A note on integrity

One of the many blessings in being a small business owner is that you get to set your own rules: your hours, who you want to work with, how you do your work, what constitutes a “finished” product, and more. Well, a big one for me is being able to maintain personal integrity in my work. Until you’ve been challenged, you may not realize how important this is.

Let me share my favorite excerpt from the book, “How to be a graphic designer and not lose your soul,” by Adrian Shaughnessy:

By standing up for yourself, by having beliefs (creative and ethical beliefs), and perhaps most importantly of all, by questioning what you are asked to do as a designer, you can acquire self-respect, which is the first step on the path to earning the respect of clients and other designers. You might get the sack—but that’s integrity for you—there’s a price to be paid for it. Just remember, it’s always less than the price of your self-respect. I might even say, the price of your soul.

Of course, you can substitute “employee” or “business owner” for the word “designer” throughout the above passage. This really applies to anyone in the workplace.

The author makes a point that we must show integrity to each of three audiences: our clients, our intended audience, and ourselves. If we show our clients and intended audiences that we believe in them, they will in turn believe in us. And of course, we can live with ourselves at the end of the day.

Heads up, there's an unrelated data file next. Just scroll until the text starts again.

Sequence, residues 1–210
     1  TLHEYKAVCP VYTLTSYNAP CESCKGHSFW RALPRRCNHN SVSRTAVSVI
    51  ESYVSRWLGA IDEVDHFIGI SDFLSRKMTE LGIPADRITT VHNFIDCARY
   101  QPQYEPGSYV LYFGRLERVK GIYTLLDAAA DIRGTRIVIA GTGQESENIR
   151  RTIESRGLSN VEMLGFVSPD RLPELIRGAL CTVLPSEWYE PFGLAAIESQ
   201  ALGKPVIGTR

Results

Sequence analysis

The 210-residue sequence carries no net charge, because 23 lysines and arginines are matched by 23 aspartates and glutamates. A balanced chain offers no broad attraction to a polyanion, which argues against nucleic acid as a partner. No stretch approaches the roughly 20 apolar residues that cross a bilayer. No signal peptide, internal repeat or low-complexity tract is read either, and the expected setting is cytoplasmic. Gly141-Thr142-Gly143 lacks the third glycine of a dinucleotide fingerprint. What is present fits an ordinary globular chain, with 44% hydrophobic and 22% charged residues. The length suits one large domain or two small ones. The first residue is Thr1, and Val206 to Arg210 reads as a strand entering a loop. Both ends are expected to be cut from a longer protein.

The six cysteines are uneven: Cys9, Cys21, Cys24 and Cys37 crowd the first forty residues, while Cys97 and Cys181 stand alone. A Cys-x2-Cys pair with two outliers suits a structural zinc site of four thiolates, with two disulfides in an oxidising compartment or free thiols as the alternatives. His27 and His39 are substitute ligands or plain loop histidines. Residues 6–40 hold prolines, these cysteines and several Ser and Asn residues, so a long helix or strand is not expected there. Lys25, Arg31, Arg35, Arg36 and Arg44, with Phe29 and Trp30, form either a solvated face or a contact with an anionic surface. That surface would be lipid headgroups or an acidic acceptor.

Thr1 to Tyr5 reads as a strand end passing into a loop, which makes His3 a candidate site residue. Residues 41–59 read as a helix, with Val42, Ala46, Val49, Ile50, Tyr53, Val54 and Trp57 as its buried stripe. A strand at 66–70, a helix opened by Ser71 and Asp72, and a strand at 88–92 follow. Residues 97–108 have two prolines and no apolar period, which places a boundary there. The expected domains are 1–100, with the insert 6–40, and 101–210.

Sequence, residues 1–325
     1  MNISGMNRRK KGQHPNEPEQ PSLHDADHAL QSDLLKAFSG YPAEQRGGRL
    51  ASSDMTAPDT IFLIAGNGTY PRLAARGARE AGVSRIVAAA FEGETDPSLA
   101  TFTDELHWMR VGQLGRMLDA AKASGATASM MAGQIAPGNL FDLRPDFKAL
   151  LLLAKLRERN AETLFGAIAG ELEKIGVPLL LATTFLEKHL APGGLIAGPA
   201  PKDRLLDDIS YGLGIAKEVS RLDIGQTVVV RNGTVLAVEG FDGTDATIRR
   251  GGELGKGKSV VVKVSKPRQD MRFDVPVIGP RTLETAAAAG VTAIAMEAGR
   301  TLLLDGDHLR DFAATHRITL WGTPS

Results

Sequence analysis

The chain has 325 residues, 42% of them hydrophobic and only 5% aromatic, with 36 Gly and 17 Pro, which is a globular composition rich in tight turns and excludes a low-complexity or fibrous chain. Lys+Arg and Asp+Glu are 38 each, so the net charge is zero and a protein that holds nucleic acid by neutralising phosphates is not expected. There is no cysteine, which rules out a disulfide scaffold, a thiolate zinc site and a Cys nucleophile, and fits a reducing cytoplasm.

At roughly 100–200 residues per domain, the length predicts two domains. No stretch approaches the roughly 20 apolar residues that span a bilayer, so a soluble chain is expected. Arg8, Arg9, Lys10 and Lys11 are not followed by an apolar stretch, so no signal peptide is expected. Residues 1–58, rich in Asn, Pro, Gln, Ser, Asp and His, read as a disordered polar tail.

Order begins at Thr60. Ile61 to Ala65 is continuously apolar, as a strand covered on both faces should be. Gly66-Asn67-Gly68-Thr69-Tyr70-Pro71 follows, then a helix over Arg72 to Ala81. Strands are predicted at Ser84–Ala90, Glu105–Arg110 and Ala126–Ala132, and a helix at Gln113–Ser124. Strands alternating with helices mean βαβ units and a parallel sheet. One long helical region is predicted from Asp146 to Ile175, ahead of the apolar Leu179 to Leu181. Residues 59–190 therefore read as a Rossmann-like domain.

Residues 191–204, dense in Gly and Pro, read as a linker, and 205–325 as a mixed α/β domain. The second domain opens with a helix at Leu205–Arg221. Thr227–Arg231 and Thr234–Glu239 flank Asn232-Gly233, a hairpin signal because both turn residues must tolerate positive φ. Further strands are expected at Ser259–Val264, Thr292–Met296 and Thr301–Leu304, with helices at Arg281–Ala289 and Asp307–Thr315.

The hidden value of personal integrity in the workplace? Higher quality work. When you demand this of yourself, your employees, and your contractors, the shift turns from “How can we make a buck?” or “How fast can we do this?” to “How can we make a quality design/product?” and “How can we better service our clients?”.

Author note: I’d love to hear your stories of personal integrity in the workplace. Please leave your comments for others to read!

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One Response to “A note on integrity”

  1. Tony says:

    Integrity and customer focus, seemingly obvious for small hungry companies, is easily lost in large corporations. Inventory turns, margins, bookings and overhead reduction are all main metrics tracked by large companies. Improving these metrics do not delight the customer, but can negatively effect customer satisfaction. Improving inventory turns, for example, puts product shipment at risk. A great way to reduce overhead is to replace a real person with a automated call center. How do large companies improve customer satisfacion, they put “customer focus” into their vision statement. Whala, problem solved, the vision statement says so.

    What scares larger companies? Small hungry companies that focus on the customer.

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